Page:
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Dolemite is My Name

Year: 2019
Production Co: Davis Entertainment
Director: Craig Brewer
Writer: Scott Alexander/Larry Karaszewski
Cast: Eddie Murphy, Wesley Snipes, Keegan-Michael Key, Mike Epps, Tituss Burgess, Da'Vine Joy Randolph, Kodi Smit-McPhee, Snoop Dogg, Chris Rock

It doesn't matter what the historical era, context, characters, plot or even the rating and target demographic, some movies are about little more than a celebration of the magic of the movies. Cinema Paradiso, Son of Rambow, Be Kind, Rewind, Me and Earl and the Dying Girl, Raiders! The Story of the Greatest Fan Film Ever Made and dozens of others lionise the scrappy, determined creator who overcomes the historically high obstacles to getting a movie shown on a screen and enjoyed by an audience, and Dolemite is My Name is no different.

Back in the 70s, former minor recording star Rudy Ray Moore (Eddie Murphy) has been reduced to working in a Hollywood record store, still wanting to be famous and ultimately deciding the way to do so was to make his own films containing the kind of things he and his contemporaries love in movies – titties, explosions and kung fu (his words).

I really enjoyed the parody film Black Dynamite with Michael Jai White but hadn't any idea Moore ever existed. In hindsight, it's obvious that film was lovingly homaging Moore's work, however indirectly. I haven't seen any of the handful of films Moore made with his usual collaborators, but the cheap and joyful aura of exploitation fun they contained casts a shadow over the entire movement.

The first step for Moore is creating his showboating stand-up comic alter ego, Dolemite, an ostentatious, motor-mouthed dandy who extols the virtues of wine, women and song with a simple but punchy catchphrase ('Dolemite is my name and fucking up motherfuckers is my game'). Next is to introduce Dolemite to a wider world, and after a string of successful comedy albums and standup tours, he knows that means the movies.

Moore gradually collects his crew – his pal from the record store Toney (Titus Burgess), stand-up partner in crime Lady Reed (Da'Vine Joy Randolph, and I don't care what her character says, she's incredibly sexy), highbrow community arts type screenwriter Jerry (Keegan-Michael Key), a ramshackle film school crew led by DP Nick (Kodi Smit-McPhee), and a diva-ish director who makes it constantly known how low he's stooping to be there, D'Urville (Wesley Snipes).

They take over an abandoned hotel in LA, hijack electricity from next door and make their action sex drama on a shoestring, coming up against all the usual travails we know from other movies about moviemaking – everything from staging the love scene to the noise of local gangs firing weapons nearby.

The film kicks into a whole other gear when the production wraps and the film's in the can but Moore can't find a distributor to take it on. Where plenty of other movies about movies have focused only on the making, Dolemite is one of the few that shows what an even bigger battle it is to have a movie screened – how distributors and cinemas are a whole other high bar to reach.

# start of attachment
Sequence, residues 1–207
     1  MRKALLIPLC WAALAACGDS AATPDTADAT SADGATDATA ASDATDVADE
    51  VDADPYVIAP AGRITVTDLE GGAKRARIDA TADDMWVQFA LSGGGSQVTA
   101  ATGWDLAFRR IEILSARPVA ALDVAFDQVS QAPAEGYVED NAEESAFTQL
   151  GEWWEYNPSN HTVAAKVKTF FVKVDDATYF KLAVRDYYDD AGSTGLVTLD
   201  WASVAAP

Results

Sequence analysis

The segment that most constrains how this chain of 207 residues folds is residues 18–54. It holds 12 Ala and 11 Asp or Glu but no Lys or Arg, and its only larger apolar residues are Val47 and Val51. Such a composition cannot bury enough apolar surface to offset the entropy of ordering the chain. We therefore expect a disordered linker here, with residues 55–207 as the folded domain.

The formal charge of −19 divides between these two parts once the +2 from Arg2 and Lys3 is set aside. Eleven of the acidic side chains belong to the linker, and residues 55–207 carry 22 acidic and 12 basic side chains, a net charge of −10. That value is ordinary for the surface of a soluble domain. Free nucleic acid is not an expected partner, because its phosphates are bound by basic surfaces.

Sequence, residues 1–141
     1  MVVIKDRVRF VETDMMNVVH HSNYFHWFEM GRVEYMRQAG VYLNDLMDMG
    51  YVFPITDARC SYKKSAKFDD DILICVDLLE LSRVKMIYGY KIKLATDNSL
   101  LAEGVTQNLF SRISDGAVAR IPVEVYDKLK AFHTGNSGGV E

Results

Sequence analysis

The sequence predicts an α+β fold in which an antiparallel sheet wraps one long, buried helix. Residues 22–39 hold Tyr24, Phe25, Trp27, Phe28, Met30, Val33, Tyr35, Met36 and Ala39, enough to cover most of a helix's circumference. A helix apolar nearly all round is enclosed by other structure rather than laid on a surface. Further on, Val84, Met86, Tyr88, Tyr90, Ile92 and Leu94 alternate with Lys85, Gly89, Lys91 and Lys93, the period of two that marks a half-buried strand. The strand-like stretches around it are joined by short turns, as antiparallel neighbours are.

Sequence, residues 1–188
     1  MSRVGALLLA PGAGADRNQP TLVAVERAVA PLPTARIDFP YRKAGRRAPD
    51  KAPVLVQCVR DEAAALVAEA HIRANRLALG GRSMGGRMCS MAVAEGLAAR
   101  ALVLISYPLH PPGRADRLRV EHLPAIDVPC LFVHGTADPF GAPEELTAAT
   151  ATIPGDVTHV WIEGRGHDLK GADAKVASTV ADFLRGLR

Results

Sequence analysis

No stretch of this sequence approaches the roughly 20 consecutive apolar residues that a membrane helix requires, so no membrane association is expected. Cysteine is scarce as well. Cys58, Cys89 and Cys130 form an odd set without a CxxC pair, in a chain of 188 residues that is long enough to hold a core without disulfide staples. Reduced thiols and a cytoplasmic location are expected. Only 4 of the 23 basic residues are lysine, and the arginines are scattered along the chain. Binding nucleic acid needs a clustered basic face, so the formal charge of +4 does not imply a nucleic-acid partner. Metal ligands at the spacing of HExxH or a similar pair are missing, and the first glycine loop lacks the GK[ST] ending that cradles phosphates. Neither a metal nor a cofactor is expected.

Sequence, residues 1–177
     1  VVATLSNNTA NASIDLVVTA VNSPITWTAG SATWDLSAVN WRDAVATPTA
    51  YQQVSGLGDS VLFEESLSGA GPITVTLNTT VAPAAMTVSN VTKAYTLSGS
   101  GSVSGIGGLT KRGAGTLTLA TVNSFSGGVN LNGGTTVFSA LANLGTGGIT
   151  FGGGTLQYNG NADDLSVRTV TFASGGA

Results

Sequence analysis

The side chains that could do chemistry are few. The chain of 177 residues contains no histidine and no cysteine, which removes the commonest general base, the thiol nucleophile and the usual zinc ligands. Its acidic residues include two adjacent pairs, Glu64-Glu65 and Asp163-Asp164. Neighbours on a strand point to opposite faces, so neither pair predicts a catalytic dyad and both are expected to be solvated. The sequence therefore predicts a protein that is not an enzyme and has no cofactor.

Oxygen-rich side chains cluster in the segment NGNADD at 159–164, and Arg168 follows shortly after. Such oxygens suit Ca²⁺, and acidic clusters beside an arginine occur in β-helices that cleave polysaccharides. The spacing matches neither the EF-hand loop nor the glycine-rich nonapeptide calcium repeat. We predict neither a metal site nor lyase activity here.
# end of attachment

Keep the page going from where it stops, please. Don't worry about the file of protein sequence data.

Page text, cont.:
But Moore doesn't give in, approaching the distribution as scrappily as he does the making, booking it in a single theatre in a faraway city where he believes he'll be able to convince potential backers people want his film. The rest is history, and as one of the final title cards says, Moore and his gang went on to make seven more.

The fantastic script by Scott Alexander and Larry Karaszewski deftly weaves in several thematic elements – some I might have imagined. There's a fairly overt subtext about how Moore is on a constant and unconscious mission to prove to the long lost father who abandoned him that he's worth something. There's a strong awareness of the relationship between the artist and his audience, made most obvious in the final scene. When the big premiere night sees screenings put on until the small hours of the morning because of the huge demand, Moore stands outside on the sidewalk entertaining the crowd instead of secreting himself inside for his own premiere.

There's also an interesting idea I saw about confidence and self. As himself, Rudy has his doubts – whether it's because of the silent judgment of his absent father or when he talks to Lady Reed about how ridiculous he fears he looks in the big sex scene because of his 'big old belly' with a kind of sombre fear about mortality.

But when he puts on the blazing white suit and flamboyant fedora and picks up the cane, he transforms his whole personality into Dolemite, and that guy doesn't have any doubts or fears like Rudy himself does. It's not only a motif very suited to the idea of making it in Hollywood, where overconfident bluster can take you as far (or further) than skill or talent, it refers to a phenomenon a lot of us can relate to, of building a better version of ourselves who can do the things we'd like to but aren't brave enough to try while wearing our own clothes.

I also think this is the movie that should have received all the fawning about representation the world gave Black Panther. Nowadays any moviemaking venture is seen as worthy and creatively legitimate, but we forget that long before the Tarantino era there were whole swathes of the industry seen with the same critical eye as little kids torturing animals because of the tasteless trash they produced.

Moore and his mostly-African American casts and crews toiled in the shadows, far from the spotlight of 'legitimate' moviemaking along with the other grindhouse movements, and to have what seems like every other high profile black actor working today portray them in all their handlebar moustached, effeminate, plus-sized and fast-talking glory must feel like very hard-earned vindication.

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